on May 28, 2015
An interesting take on the theory of a memoir, as it does not follow a traditional format. If you are a writer or seek to be one, this is a must read as I haven't encountered anything like it before. I received this book as a review copy with the only request being that I write an honest review upon my read of the book. A positive review is viewed as favorably as a negative one in the publisher's eyes. I only state this upfront to be clear that I received this book without any preconceived notions of what I would be reading nor the intent to have a certain view upon the content prior to the read.
To be upfront, I must say this is not a book that I would typically choose to read as I tend to like to read either pure fiction or absolute non-fictional accounts of those who I view as important to shaping our world and our lives. This book takes these two techniques and more or less combines their very different goals and aspects. This made it an uncomfortable read for me, forcing me to remind myself that this was not what I kept thinking I was reading; a non-fictional account in a personal memoir.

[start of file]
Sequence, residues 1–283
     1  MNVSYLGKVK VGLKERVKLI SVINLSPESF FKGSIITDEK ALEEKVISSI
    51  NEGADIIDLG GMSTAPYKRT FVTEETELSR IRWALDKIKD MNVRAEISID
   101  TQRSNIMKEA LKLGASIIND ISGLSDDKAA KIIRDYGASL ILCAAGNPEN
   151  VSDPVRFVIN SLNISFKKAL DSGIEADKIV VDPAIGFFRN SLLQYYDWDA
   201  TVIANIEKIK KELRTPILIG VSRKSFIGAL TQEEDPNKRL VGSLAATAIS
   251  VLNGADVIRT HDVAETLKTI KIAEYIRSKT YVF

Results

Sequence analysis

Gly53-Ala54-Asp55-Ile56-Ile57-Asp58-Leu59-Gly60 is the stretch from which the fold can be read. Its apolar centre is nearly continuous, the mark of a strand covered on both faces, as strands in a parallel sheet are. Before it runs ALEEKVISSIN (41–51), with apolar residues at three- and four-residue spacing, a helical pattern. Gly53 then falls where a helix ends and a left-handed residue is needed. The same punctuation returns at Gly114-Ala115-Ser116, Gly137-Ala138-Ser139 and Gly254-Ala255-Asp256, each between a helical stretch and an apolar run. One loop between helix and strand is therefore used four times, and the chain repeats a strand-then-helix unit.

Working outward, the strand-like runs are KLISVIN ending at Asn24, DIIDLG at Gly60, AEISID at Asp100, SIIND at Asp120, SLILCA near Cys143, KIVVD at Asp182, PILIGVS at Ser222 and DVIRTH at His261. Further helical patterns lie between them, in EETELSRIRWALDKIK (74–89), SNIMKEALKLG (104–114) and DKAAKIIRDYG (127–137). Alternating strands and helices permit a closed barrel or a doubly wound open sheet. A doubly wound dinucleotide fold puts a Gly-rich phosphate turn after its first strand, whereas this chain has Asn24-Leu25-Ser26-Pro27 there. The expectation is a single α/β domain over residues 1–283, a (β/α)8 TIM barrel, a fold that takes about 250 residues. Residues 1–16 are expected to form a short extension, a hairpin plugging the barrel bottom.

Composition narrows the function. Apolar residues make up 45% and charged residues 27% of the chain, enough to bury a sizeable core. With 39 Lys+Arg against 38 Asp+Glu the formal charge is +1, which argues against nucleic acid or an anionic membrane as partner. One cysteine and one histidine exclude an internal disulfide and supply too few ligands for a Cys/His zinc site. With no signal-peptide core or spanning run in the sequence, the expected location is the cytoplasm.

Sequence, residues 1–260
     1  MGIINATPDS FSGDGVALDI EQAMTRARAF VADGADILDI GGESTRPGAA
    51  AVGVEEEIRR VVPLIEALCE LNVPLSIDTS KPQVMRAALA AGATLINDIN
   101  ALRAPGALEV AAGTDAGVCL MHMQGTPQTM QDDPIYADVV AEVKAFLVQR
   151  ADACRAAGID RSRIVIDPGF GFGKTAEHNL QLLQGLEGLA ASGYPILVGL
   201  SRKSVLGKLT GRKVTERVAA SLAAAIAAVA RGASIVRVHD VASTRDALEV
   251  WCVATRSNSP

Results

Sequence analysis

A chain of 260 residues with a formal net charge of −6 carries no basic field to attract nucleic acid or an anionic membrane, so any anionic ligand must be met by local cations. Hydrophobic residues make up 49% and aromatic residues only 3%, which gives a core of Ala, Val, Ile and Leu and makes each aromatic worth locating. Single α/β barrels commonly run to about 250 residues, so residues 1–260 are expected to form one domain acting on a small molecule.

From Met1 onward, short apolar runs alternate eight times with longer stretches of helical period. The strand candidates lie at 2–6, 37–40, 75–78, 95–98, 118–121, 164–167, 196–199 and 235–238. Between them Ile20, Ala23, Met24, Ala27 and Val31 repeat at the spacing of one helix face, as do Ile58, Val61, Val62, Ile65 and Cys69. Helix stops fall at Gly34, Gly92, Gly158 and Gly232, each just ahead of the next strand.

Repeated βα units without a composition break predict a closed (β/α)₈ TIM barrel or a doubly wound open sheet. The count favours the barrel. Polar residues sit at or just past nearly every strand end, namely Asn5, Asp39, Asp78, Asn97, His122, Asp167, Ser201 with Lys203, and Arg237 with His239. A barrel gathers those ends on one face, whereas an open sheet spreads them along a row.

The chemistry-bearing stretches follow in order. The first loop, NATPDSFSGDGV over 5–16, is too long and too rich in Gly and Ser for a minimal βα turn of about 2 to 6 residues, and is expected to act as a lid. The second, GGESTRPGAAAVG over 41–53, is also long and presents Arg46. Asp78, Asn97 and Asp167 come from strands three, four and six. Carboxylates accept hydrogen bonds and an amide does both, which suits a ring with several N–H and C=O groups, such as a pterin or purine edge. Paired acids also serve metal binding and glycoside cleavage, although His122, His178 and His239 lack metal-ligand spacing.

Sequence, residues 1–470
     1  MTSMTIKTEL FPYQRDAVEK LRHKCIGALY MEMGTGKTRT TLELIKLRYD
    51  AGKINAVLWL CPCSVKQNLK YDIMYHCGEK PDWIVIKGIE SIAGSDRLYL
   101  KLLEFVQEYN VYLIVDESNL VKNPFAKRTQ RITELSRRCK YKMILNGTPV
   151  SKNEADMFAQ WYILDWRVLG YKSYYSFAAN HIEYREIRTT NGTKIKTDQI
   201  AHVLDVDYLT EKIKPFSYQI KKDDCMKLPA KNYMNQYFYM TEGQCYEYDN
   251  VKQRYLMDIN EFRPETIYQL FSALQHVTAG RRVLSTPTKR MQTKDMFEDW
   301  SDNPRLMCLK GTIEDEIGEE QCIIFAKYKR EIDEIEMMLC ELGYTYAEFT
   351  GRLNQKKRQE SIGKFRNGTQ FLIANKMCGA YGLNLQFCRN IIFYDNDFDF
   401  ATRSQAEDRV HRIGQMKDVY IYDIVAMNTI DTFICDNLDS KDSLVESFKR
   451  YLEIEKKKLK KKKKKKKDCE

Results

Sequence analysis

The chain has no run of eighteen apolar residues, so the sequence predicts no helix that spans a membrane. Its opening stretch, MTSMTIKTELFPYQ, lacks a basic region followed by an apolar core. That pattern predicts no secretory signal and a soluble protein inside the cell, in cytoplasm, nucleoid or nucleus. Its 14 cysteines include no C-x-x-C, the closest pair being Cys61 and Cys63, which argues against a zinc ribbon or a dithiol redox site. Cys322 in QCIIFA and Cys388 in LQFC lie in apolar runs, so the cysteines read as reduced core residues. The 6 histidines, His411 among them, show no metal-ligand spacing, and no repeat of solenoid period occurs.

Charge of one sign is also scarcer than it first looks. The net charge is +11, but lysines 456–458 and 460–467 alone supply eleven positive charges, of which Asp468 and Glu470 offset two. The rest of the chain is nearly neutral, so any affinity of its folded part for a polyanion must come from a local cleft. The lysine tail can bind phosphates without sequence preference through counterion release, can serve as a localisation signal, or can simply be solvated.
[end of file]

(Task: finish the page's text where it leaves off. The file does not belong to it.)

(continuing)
What one should expect from this book is an interesting read, with the author wrangling with himself and his deeply held beliefs and then juxtaposing these beliefs as a viewer of them from the perspective of the next generation, his son in this case. This was obviously a very difficult book to pen, demanding the storytelling of growing up in the shadow of the second world war, while also making a personal connection with this time period and how it contributed to how his son sees him, warts and all.
I think this story is one better told by a truly unbiased mind; the author's son. But this is not what is done in the book, it is a fictional tale told by the author himself. For this reason it makes it difficult for me to take an unbiased view of the author's view on the world. We cannot write our own history from the perspective of another and not bias the account or leave out things that a third party would like to explore further. I will say however that this is a one of a kind work that is worth a read for this fact alone. To read a book that does not follow the typical formula you expect to read is a truly surprising event.